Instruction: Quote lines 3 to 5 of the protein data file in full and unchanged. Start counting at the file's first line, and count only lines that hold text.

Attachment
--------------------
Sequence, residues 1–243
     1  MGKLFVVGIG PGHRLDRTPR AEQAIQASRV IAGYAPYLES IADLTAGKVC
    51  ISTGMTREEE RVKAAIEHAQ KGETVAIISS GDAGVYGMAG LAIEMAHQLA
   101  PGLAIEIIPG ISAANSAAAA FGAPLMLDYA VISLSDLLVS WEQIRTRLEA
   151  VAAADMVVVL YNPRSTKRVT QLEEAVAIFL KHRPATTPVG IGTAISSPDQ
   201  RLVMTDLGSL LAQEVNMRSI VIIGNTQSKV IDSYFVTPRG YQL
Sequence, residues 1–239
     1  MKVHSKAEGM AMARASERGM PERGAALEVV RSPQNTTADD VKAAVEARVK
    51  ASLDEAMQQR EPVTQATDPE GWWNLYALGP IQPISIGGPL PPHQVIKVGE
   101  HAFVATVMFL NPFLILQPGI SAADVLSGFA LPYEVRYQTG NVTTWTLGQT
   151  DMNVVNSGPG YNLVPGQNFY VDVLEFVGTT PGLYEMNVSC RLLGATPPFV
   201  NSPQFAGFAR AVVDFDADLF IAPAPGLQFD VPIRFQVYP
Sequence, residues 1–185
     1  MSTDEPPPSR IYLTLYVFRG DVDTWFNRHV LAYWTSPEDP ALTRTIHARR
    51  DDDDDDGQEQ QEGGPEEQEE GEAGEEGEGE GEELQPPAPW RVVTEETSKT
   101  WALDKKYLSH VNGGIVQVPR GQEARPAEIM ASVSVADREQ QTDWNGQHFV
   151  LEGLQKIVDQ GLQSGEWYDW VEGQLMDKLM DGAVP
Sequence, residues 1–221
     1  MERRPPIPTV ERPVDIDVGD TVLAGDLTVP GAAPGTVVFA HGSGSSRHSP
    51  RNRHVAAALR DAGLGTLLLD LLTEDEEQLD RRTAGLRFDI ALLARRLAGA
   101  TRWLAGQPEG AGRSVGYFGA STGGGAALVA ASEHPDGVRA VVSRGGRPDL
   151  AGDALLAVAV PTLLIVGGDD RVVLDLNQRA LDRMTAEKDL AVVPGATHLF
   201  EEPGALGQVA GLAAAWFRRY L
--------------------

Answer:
    51  ISTGMTREEE RVKAAIEHAQ KGETVAIISS GDAGVYGMAG LAIEMAHQLA
   101  PGLAIEIIPG ISAANSAAAA FGAPLMLDYA VISLSDLLVS WEQIRTRLEA
   151  VAAADMVVVL YNPRSTKRVT QLEEAVAIFL KHRPATTPVG IGTAISSPDQ